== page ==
Why Brazilian Modern Purrs, and Other Insights
Last weekend I attended the Monterey Design Conference at Asilomar in Pacific Grove, California. Founded in 1979, it was a TED Conference before there was such a thing, only the focus here is always architecture. This year provided even more of a visual feast than usual, with compelling presentations by architects from across the US and around the world. For me the greatest revelation came at the end, with a marvelous presentation by Brazilians Marcio Kogan and Suzana Glogowiski of Studio MK27 in Sao Paolo. Marcio is renowned for his sensuous and ebullient modernism, and he brings his houses to life by filming them.
The one about his dazzling arrangement of horizontal solids and voids known as “Toblerone House” — named for the folding partitions on the upper level, which
mimic the zig-zag shape of the iconic chocolate bar — brought down the house, so to speak. The owners’ extravagantly fluffy and mightily bewhiskered,
architecturally curious, and virtually unflappable Persian cat takes us on a very personal tour. We see the son reading a book on the upper level while he
the mother doing yoga on the roof terrace and then dressing at the vanity while the father steps into the shower. Like the cat, these are remarkable clients! We see how each serene, minimalist, indoor-outdoor space beats with color, nature, and life as the cat’s tail twitches to the syncopated sound track. It’s a kind of unabashed but generous voyeurism showing us how people really live — and how the house itself becomes a giant joyful veranda. According to the architects, such films are a way “to show the day by day life of one of our houses, where the architecture is not important.” This is very close to Bay Region architect William Wurster’s statement that “Architecture is about life, and work, and for people: the picture frame and not the picture.” A toast to Modernism at its warmest and most inviting. Marvelous! See the film on Dezeen, here.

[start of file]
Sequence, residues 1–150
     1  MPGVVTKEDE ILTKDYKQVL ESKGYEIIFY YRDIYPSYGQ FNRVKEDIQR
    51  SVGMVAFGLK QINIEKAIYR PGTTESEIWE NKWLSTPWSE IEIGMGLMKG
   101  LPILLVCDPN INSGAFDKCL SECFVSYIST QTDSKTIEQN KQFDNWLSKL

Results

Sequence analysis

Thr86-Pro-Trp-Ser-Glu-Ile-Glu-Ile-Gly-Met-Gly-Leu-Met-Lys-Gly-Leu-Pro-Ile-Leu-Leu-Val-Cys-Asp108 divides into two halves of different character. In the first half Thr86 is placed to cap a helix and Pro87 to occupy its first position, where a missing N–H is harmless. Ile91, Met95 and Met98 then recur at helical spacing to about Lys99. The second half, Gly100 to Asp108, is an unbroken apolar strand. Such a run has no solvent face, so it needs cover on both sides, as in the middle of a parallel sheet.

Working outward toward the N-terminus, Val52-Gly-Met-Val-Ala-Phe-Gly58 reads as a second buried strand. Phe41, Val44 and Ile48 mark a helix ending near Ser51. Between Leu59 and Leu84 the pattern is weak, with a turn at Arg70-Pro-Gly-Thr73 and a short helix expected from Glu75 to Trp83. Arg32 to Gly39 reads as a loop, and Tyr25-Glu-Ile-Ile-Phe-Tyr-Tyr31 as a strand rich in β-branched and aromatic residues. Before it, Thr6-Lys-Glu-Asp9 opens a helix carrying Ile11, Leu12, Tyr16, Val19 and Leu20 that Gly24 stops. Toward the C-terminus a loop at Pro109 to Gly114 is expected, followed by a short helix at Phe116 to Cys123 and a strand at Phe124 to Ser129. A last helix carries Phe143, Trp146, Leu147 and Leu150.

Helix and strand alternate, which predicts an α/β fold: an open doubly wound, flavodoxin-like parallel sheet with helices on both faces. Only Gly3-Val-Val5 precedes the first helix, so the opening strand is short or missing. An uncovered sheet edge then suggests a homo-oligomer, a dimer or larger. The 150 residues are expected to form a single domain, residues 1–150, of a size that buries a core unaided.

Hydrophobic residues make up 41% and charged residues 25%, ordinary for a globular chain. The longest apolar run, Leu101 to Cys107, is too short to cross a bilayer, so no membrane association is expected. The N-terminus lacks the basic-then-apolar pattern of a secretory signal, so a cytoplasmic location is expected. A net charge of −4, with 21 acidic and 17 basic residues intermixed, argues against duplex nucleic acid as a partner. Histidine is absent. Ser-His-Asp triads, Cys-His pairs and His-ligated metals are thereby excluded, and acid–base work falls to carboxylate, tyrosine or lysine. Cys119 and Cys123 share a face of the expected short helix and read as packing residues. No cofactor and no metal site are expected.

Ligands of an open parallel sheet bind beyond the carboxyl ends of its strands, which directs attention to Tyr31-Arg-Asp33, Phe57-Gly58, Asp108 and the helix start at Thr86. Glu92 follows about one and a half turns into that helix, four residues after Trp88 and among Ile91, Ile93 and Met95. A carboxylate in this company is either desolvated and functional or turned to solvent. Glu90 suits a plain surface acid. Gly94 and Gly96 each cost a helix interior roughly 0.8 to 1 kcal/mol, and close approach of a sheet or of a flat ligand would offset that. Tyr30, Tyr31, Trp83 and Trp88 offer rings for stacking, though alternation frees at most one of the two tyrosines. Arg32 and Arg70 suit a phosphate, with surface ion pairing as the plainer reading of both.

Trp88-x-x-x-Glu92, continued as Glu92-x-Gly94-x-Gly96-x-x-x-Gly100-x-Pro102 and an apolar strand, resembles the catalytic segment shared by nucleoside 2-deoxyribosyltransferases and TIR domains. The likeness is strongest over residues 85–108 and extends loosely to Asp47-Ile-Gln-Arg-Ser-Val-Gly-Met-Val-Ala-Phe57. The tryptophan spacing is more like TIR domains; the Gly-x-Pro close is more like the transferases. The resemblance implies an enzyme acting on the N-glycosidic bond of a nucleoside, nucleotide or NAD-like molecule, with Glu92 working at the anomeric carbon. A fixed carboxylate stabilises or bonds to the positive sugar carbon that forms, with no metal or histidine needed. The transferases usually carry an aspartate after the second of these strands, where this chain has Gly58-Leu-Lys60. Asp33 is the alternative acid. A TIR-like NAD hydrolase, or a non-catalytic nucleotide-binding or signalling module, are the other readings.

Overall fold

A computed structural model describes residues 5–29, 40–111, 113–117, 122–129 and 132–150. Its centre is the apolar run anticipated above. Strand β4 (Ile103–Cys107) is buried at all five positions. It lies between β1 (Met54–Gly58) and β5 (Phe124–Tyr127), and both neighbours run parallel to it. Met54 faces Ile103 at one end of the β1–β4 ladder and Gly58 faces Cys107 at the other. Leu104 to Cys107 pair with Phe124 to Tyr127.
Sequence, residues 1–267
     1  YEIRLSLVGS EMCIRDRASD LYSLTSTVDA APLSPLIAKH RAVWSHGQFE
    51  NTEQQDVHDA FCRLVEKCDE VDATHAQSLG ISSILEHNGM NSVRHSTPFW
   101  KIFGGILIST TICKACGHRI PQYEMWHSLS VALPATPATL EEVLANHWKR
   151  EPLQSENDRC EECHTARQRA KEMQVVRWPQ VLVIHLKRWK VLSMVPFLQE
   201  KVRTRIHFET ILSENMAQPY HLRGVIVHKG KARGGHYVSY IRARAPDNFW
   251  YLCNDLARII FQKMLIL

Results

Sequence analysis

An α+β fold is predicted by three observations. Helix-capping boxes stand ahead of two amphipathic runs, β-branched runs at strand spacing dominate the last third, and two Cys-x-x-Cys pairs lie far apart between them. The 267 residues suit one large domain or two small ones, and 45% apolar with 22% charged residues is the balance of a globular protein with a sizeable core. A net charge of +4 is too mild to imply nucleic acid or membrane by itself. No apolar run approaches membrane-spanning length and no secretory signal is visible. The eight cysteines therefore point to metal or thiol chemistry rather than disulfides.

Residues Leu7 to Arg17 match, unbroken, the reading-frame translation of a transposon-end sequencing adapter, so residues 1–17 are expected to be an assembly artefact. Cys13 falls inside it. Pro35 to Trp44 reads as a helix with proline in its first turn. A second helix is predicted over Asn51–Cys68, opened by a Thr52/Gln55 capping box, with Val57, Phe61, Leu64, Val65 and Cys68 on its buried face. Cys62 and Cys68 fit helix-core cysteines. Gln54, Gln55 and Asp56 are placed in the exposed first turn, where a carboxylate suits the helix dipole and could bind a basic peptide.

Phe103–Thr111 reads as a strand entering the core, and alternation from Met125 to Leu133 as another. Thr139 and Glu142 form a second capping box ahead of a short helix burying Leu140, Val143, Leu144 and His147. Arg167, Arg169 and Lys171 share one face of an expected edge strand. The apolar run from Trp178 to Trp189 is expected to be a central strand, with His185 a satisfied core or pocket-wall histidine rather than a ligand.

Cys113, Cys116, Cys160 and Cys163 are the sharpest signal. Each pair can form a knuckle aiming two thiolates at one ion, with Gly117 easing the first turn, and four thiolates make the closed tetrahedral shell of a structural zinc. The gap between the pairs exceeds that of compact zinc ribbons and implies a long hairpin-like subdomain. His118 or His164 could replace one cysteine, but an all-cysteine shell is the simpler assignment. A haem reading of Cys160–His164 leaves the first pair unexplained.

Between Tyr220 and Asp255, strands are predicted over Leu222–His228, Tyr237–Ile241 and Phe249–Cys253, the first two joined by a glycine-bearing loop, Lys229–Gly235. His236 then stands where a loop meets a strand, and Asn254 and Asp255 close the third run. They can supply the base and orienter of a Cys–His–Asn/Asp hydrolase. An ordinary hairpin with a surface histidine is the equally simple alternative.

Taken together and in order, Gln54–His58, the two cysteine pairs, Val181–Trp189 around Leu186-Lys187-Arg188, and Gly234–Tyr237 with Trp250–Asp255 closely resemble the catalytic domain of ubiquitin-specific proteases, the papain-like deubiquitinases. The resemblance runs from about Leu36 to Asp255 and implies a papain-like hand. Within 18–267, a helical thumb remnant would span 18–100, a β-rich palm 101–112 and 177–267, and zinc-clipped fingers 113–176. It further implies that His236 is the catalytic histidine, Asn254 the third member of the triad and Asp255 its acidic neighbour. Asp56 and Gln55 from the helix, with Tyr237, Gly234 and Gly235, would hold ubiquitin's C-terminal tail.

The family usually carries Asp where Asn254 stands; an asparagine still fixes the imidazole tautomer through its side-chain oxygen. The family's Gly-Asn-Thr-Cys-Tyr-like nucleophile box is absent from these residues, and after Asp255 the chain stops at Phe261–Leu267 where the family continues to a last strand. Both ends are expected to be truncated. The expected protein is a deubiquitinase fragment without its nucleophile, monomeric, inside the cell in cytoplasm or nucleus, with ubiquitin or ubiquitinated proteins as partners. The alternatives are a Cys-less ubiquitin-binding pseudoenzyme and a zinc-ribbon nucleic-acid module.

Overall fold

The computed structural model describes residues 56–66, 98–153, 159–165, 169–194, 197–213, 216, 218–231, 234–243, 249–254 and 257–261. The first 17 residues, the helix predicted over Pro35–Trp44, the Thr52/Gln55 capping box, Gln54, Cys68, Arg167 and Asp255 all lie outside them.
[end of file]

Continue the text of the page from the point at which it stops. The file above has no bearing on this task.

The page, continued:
Other Conference Connections
Materiality and light were important themes running through the major talks. I concentrated on the residential work — though a wide array of building types and design processes was shown. I liked Fayetteville, Arkansas architect Marlon Blackwell’s remark that “architecture is larger than the subject of architecture,” which echoes the sentiment of Marcio Kogan. Marlon talked about how design often arises from where “the inadvertent meets the purposeful.” A good
example is his “Honey House for a Beekeeper,” where honeycomb suggested a
shape and then the color of the honey in the jar made everything come alive.
New York architect Thomas Phifer showed his exquisitely conceived and meticulously detailed approach to nature through his use of different materials that layer daylight — what I would call the eloquent Art of the Scrim —
in such works as this small house at Salt Point. Sited at the edge of a meadow, it’s an ingenious melding of opposites: both an aloof geometric abstraction for viewing the landscape through a ribbon window-as-lens; and an intimate
gesture of connection to the site through the tall living room window wall and screening wings.
San Francisco architect Anne Fougeron has taken a fresh approach to the bay window in her “Flip House.” This extensive remodel flipped the house’s key
functions — putting the main living areas at the rear where the view was, and
oriented the bay widow vertically instead of horizontally, dramatizing the height of the open interior while providing side views across the city (photos by Joe Fletcher, courtesy Fougeron).
Paris architect Odile Decq showed a wide range of building and product designs with a sleek metamorphic character. Her Wally Super Yacht caught my attention
for the brilliant James Bondian re-invention of the tub-shower: when you want to soak you just slide the floor away! (photo courtesy Odile Decq)
Tokyo architect Kenzo Kuma, who has an extraordinarily diverse practice around the world, designed a villa near China’s Great Wall. The sense of continuous
connection that is a feature of the Great Wall became his theme, only he made it
his own by using vertical bamboo, not stone. It’s the wall as both wall and screen, open and closed, part of the landscape while framing it. Now wouldn’t a certain Persian cat like to wander among those poles.